The Renewable and Low Carbon Energy website

for farmers and landowners

Wind power must be seen as critical infrastructure says European Economic and Social Committee

Case Studies

The European Economic and Social Committee (EESC) championed the role of wind power in the EU’s energy transition at its March plenary, highlighting that a strong wind industry would improve the EU’s environmental, economic and social well-being.  

Faced with growing pressure from international competitors such as China, the European Union needs to step up its wind industry and promote its wind power development.

To achieve this result, the EESC feel that the bloc must significantly expand, modernise and digitalise its grid infrastructure and, at the same time, create the corresponding storage infrastructure.

Grid auctions must stick to environmental, labour and social standards

According to the EESC wind power must be seen as critical infrastructure, with “all corresponding privileges and due diligence obligations”, and all the approval procedures on tenders and permits must be urgently and fully digitalised and accelerated.

In addition, when organising auctions to determine how to allocate funds for renewable energy, the committee feel it essential to apply high pre-qualification criteria to make sure that the companies involved companies should always abide by security, occupational safety, collective bargaining, social and environmental requirements such as the need to promote a circular economy.

The committee went on to warn of purely price-based auctions encouraging a “race to the bottom”, that harms the environment and workers and puts companies that are eager to contribute, for example through investments in environmental and biodiversity protection, at a disadvantage.

Energy communities are a significant asset for wind power

The EESC also pointed to the participation of citizens and organised civil society as essential, with the success of the energy transition dependent on them being active drivers, warning that the wind power sector and the overall transition away from fossil fuels would be at risk without their social acceptance.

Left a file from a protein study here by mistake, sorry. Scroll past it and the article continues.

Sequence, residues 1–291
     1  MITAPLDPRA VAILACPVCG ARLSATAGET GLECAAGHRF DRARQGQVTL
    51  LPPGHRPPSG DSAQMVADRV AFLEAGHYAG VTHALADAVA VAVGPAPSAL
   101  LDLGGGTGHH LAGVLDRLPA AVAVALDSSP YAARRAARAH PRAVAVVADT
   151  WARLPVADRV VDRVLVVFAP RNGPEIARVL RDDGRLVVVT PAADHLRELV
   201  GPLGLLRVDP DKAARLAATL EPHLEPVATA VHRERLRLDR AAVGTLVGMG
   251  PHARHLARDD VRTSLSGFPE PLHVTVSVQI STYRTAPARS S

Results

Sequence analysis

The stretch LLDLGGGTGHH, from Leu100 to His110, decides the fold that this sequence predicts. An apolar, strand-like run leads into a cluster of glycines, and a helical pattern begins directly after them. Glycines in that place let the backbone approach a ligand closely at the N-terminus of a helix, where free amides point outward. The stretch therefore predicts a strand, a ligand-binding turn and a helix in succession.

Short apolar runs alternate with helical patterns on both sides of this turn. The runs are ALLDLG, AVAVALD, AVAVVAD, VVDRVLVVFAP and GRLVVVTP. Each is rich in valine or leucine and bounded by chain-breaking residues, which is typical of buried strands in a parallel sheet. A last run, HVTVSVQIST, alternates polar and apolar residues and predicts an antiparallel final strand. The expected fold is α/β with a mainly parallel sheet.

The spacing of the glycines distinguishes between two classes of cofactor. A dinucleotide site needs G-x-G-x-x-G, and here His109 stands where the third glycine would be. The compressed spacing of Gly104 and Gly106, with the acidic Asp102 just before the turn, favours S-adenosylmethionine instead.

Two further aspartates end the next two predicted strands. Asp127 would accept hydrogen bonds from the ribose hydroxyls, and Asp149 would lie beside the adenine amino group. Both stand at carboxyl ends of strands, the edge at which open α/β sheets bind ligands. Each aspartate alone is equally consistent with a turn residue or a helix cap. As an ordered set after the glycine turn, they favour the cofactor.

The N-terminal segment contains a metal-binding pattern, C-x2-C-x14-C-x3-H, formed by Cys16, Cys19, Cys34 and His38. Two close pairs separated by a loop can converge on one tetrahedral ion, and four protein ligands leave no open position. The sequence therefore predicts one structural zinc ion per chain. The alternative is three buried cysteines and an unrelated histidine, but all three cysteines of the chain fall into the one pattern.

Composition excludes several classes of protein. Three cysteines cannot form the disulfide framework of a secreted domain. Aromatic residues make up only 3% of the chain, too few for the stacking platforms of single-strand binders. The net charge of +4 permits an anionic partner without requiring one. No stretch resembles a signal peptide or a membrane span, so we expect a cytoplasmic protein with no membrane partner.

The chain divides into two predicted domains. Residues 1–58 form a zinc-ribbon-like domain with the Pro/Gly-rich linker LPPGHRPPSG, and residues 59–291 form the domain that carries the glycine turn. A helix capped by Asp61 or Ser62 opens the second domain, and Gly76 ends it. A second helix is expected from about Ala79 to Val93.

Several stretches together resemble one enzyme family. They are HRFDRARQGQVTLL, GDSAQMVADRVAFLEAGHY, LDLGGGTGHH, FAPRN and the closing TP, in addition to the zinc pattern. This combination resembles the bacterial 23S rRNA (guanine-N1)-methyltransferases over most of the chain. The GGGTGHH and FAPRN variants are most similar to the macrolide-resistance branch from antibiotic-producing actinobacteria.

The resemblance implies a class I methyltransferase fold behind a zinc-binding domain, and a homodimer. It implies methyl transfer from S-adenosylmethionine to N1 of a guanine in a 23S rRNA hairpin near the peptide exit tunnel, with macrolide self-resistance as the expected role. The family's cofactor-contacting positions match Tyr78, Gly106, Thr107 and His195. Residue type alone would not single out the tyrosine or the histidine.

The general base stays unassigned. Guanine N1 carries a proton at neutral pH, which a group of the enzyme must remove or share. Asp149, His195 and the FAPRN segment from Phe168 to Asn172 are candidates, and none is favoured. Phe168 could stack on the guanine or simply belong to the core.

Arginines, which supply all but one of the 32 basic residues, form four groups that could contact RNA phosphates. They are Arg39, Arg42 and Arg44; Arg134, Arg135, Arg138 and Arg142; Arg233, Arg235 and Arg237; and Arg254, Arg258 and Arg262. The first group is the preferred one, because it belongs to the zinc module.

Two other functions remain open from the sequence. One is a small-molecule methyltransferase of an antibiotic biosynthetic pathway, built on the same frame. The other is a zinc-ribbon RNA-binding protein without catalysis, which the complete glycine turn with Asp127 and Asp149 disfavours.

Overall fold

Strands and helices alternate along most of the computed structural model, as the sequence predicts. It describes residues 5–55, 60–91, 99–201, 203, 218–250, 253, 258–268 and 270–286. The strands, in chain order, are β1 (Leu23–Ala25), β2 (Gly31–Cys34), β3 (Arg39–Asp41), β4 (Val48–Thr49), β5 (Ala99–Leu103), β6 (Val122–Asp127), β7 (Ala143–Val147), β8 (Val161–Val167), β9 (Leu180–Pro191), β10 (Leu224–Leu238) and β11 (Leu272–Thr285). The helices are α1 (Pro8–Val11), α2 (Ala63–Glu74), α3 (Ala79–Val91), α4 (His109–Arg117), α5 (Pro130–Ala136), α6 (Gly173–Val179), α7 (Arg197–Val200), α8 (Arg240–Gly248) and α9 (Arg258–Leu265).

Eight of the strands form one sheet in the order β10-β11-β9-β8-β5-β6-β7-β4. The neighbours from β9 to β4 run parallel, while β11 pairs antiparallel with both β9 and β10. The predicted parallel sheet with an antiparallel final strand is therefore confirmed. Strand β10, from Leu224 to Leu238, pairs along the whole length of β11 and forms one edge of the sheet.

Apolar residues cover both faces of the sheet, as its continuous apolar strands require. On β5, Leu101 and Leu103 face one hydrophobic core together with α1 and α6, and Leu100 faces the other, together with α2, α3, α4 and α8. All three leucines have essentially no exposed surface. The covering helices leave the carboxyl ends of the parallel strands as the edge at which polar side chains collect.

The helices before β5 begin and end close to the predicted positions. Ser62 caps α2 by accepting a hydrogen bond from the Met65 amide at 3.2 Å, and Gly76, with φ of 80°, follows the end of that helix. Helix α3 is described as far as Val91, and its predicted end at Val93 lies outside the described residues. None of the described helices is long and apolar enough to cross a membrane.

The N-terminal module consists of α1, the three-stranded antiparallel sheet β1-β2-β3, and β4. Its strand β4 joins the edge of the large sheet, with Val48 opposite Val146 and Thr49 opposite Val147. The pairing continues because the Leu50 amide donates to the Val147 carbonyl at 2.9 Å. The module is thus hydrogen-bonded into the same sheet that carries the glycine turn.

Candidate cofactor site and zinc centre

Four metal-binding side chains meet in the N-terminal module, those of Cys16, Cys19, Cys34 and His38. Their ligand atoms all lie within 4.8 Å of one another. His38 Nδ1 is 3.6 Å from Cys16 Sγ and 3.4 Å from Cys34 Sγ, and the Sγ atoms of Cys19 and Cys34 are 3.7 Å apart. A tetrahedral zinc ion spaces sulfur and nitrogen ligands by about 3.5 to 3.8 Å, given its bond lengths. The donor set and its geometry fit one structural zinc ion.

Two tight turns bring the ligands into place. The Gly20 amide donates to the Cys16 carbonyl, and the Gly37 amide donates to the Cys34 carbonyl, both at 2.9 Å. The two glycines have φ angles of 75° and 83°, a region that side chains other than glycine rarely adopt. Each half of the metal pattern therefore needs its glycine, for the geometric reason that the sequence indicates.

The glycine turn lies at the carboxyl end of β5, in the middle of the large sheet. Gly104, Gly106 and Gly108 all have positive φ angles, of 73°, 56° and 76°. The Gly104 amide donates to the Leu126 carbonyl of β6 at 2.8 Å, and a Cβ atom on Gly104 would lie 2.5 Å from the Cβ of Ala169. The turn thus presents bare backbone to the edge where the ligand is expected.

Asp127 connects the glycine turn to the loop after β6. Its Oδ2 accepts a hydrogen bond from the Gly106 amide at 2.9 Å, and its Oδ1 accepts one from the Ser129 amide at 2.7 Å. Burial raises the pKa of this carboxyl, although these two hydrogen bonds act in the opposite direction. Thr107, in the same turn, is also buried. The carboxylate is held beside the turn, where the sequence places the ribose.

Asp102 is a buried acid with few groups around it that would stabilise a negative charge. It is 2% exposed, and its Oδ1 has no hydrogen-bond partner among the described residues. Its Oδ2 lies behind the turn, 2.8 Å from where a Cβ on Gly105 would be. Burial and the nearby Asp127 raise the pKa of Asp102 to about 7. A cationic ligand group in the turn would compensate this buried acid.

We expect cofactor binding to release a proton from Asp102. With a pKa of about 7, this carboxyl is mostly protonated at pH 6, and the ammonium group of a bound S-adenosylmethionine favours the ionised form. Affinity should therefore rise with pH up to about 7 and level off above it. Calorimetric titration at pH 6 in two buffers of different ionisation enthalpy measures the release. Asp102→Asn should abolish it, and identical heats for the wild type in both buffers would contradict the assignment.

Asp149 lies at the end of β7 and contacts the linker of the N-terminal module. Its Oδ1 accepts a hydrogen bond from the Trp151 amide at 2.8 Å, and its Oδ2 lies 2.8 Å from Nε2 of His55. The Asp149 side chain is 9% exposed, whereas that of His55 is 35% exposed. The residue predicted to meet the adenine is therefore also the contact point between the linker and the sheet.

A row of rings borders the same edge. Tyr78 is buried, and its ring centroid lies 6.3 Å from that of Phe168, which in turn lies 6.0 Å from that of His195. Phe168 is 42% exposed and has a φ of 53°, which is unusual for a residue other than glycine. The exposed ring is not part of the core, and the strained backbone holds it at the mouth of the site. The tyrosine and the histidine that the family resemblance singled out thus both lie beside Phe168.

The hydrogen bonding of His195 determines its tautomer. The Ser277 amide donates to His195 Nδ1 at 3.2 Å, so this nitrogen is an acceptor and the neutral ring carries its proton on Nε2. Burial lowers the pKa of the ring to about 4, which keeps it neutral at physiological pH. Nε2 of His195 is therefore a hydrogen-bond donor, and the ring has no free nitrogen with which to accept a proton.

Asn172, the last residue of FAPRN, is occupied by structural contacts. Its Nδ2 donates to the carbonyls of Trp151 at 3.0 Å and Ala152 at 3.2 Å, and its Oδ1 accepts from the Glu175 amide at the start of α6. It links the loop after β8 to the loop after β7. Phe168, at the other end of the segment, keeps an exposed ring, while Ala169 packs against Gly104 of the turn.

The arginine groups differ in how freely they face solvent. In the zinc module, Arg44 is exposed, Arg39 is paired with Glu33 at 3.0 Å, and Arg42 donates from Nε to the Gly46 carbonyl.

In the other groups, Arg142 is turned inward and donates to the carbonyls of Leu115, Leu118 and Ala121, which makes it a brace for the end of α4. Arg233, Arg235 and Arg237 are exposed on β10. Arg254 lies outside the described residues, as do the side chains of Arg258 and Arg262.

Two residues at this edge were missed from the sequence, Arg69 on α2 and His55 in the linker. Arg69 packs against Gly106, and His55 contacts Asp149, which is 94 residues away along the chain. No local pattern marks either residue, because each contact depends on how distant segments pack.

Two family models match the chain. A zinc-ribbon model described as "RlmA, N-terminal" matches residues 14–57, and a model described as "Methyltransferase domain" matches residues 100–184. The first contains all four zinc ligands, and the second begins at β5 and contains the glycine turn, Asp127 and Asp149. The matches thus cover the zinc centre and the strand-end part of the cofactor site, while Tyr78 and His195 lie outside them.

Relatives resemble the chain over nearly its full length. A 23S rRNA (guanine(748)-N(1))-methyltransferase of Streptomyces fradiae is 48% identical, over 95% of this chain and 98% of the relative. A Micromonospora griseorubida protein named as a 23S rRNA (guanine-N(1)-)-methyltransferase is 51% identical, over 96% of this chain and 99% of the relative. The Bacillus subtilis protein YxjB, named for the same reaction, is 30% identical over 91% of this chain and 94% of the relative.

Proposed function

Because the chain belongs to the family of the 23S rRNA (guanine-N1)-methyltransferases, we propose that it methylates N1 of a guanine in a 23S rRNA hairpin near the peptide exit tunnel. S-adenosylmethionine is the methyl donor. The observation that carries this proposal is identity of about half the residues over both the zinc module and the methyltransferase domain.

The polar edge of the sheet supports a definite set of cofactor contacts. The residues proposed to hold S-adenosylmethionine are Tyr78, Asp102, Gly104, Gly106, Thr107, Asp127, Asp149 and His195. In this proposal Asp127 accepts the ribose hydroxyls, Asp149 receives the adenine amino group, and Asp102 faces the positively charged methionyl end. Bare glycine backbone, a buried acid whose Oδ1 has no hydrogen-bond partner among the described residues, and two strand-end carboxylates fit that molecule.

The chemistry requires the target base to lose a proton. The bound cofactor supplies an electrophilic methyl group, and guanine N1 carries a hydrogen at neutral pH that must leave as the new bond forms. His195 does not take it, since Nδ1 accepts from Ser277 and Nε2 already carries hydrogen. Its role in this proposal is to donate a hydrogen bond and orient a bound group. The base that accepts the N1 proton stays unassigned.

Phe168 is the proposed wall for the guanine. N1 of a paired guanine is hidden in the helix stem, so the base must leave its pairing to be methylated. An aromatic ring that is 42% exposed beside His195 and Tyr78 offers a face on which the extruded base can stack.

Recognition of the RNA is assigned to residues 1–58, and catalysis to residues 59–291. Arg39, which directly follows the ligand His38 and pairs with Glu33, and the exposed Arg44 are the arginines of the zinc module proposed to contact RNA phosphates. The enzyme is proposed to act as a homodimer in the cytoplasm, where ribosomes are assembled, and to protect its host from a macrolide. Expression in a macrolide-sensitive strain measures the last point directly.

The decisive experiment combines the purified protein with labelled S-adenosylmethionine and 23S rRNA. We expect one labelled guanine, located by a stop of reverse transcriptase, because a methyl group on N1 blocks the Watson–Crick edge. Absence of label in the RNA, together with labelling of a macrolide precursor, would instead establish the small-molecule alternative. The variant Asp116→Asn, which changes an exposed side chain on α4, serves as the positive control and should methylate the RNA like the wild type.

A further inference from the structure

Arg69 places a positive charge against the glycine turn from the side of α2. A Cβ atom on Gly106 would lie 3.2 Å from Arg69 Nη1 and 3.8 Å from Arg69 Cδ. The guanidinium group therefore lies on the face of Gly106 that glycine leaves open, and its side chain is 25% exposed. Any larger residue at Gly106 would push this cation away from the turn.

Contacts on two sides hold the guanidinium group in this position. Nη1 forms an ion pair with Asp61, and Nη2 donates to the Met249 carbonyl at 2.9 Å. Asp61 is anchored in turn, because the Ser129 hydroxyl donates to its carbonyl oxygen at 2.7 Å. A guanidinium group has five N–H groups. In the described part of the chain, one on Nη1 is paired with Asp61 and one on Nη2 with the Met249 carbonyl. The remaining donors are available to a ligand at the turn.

An EESC representative said:

“Energy communities, energy cooperatives and energy sharing are valuable vehicles to boost the dissemination of wind power and represent an interesting form of extended prosumption from three points of view: social (participation and acceptance), economic (mobilisation of additional capital) and energy (generation closer to demand).

“The European Commission should therefore recognise their important contribution in social, economic and energy efficiency terms by including effective citizen participation as the 7th pillar of the proposed Wind Power Action Plan.”


In October 2023, the EC presented a European Wind Power Action Plan to ensure that the clean energy transition goes hand-in-hand with industrial competitiveness and that wind power continues to be a success story.

The plan provides a list of the immediate action to be taken together by the European Commission, the Member States and the industry, focusing on six main areas:

  • acceleration of deployment through increased predictability and faster permitting
  • improved auction design
  • access to finance
  • a fair and competitive international environment
  • large-scale skills partnerships for renewable energy
  • industry engagement and Member States’ commitments.

Europe installed 18.3GW of new wind power capacity in 2023, with 79% of this being onshore, bringing the total European capacity to 255GW. The 27 member states installed 16.2GW of this new wind power – a record amount but only half of what is needed to meet the 2030 climate and energy targets.


Advice & Opportunities